You’re on your way to work minding your own business when all of a sudden you drive over a massive pothole and damage your car. Does your auto insurance cover it and can the city be held liable?
In short, pothole damage is covered under optional auto insurance policies and the city can be held liable, but it’s very difficult to be successful in a pothole damage claim against the city. If a personal injury results, then statutory accident benefits might be available.
On Jan. 6, at least 12 vehicles were damaged in Toronto after hitting a massive pothole on the Gardiner Expressway. Although no injuries were reported, some vehicles were so damaged that they couldn’t be driven and had to be towed away, CityNewsreported.
Pete Karageorgos, director of consumer & industry relations in Ontario with Insurance Bureau of Canada (IBC), told Canadian Underwriter Tuesday that damage from potholes is covered under optional collision or all-perils coverage.
A vehicle owner or insurer could then go to the city to collect, but they would have to prove their case, Karageorgos said.
The city can be held liable, but it’s very difficult to be successful in a claim against a city for damage caused by a pothole, said Edward Masters, a personal injury lawyer with Mann Lawyers LLP in Ottawa. “I would not expect an insurance company to make a claim against the city because of how hard it is to recover.”
Potholes in Ontario are addressed in Ontario Regulation 239/02: Minimum Maintenance Standards for Municipal Highways under the Municipal Act. Section 6.1 provides that only potholes exceeding both the surface area and depth set out in an accompanying table need to be repaired “after becoming aware of the fact.” A pothole is deemed to be acceptable (in a state of repair) if its surface area or depth is less than or equal to that set out in the table, Edwards noted.
For example, a pothole on a Class 1 highway must not exceed 600 cm² surface area and an 8 centimetre depth for more than four days.
“Even if a pothole is too big or deep, the municipality still has a certain time period within which it has to be repaired,” Masters noted. “But there is a further catch: the time limit for repairing a particular pothole only starts to run once the city has been put on notice of its existence. So, if nobody reports a pothole, the time limit for getting it fixed never starts to run.”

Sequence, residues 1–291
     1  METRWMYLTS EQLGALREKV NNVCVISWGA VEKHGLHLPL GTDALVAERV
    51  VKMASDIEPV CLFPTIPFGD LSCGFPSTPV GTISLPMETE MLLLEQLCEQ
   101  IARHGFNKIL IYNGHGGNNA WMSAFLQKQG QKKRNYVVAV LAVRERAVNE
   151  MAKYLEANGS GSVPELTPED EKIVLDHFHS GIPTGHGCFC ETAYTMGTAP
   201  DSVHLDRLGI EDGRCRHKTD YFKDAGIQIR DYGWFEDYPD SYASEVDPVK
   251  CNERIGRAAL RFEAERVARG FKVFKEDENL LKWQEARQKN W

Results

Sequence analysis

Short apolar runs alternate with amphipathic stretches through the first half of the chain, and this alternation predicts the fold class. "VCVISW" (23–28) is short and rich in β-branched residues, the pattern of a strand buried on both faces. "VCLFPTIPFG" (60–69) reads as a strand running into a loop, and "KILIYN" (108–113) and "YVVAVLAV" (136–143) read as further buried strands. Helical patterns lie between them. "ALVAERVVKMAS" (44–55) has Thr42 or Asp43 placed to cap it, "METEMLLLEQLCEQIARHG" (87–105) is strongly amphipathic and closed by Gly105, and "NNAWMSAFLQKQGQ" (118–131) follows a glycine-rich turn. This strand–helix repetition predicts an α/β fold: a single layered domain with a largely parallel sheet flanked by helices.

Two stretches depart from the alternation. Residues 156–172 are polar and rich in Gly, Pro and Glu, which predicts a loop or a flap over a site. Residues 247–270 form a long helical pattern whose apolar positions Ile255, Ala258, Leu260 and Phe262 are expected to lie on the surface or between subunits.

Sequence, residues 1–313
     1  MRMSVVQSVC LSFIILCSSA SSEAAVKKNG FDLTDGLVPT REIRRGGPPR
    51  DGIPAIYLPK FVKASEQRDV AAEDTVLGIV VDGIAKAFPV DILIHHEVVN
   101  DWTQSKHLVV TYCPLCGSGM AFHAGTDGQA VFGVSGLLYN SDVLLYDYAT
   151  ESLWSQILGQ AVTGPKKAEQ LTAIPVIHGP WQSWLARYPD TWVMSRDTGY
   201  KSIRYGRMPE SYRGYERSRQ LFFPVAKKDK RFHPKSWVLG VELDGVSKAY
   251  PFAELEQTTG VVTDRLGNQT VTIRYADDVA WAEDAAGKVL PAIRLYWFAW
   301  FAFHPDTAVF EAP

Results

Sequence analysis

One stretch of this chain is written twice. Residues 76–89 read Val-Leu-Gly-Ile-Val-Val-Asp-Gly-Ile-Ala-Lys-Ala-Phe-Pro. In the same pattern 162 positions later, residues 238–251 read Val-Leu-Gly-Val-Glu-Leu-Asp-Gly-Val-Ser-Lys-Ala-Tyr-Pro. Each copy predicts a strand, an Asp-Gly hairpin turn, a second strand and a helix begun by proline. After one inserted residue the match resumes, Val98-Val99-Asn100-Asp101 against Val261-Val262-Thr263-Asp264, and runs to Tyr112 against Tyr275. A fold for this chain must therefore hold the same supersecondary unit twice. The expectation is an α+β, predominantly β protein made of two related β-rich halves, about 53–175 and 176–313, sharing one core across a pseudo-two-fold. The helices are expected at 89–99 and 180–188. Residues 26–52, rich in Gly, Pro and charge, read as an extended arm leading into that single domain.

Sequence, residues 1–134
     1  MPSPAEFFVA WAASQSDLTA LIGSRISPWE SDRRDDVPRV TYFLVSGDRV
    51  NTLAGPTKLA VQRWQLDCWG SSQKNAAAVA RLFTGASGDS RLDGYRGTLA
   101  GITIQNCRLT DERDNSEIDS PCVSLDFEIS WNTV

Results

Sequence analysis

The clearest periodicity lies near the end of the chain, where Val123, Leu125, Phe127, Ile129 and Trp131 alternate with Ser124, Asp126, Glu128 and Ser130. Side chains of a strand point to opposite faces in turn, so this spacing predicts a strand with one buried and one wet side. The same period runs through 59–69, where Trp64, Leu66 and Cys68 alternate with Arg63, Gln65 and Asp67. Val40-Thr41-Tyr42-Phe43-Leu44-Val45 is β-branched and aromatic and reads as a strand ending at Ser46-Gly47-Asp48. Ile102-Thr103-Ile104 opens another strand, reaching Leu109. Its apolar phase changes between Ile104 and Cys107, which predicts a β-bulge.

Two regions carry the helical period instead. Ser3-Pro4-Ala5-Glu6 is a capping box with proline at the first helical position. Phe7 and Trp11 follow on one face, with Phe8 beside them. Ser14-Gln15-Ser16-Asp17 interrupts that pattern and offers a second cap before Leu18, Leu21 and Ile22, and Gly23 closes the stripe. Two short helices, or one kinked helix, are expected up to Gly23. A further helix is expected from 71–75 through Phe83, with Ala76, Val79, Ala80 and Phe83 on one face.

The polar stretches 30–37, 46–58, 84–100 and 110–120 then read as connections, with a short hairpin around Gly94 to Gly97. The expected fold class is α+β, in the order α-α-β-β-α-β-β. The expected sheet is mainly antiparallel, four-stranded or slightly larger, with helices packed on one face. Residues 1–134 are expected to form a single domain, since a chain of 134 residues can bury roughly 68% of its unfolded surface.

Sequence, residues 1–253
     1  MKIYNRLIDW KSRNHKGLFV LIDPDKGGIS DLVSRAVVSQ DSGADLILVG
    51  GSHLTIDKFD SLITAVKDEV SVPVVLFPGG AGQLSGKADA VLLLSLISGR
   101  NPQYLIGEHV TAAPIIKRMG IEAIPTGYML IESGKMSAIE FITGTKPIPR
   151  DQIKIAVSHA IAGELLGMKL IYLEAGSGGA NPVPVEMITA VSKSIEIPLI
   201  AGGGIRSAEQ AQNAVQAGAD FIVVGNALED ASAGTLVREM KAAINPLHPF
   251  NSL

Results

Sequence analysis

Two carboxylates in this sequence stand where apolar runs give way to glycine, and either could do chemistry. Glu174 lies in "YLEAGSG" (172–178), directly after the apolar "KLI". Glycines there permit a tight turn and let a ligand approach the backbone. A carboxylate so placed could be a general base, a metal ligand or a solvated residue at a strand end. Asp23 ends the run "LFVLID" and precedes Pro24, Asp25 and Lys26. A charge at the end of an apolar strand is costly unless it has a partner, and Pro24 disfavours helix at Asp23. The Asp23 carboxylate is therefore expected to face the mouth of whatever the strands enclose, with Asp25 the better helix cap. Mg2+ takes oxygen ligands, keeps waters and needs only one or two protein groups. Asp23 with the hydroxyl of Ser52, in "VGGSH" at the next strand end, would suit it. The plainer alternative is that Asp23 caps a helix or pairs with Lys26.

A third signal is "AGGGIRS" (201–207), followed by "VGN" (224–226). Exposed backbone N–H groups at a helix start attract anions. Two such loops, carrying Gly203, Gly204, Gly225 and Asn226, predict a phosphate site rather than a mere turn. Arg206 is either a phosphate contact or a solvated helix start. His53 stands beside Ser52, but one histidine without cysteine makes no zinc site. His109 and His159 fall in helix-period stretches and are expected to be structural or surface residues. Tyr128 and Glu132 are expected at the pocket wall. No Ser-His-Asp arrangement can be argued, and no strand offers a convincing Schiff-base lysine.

The size of what amounts to an unacceptably large pothole depends on the character of the street it inhabits, its speed limit and average daily traffic, Masters said. The type of road surface and the pothole’s location – on either the travelled portion of the road or the shoulder of the road – also determine how large a pothole has to be before it needs to be repaired and how long the municipality has to repair it (a paved surface is required to tolerate smaller potholes for a shorter period of time than an unpaved surface or a shoulder).
“The Municipal Act prescribes the size and age a pothole must be before the city can be held liable for the damage it causes to a motor vehicle. This explains why almost all claims made against municipalities for damage caused by potholes are unsuccessful.”
As infrastructure ages, might we see more of these types of claims (or are we seeing them happen more often)?
“As municipal budgets get squeezed, we may see more and larger potholes going unfixed for longer periods of time,” Masters said. “But given how hard it is to make a successful claim for pothole damage, I doubt we will see more of these claims. What we will see is more people with damaged cars and no recourse against the responsible city.”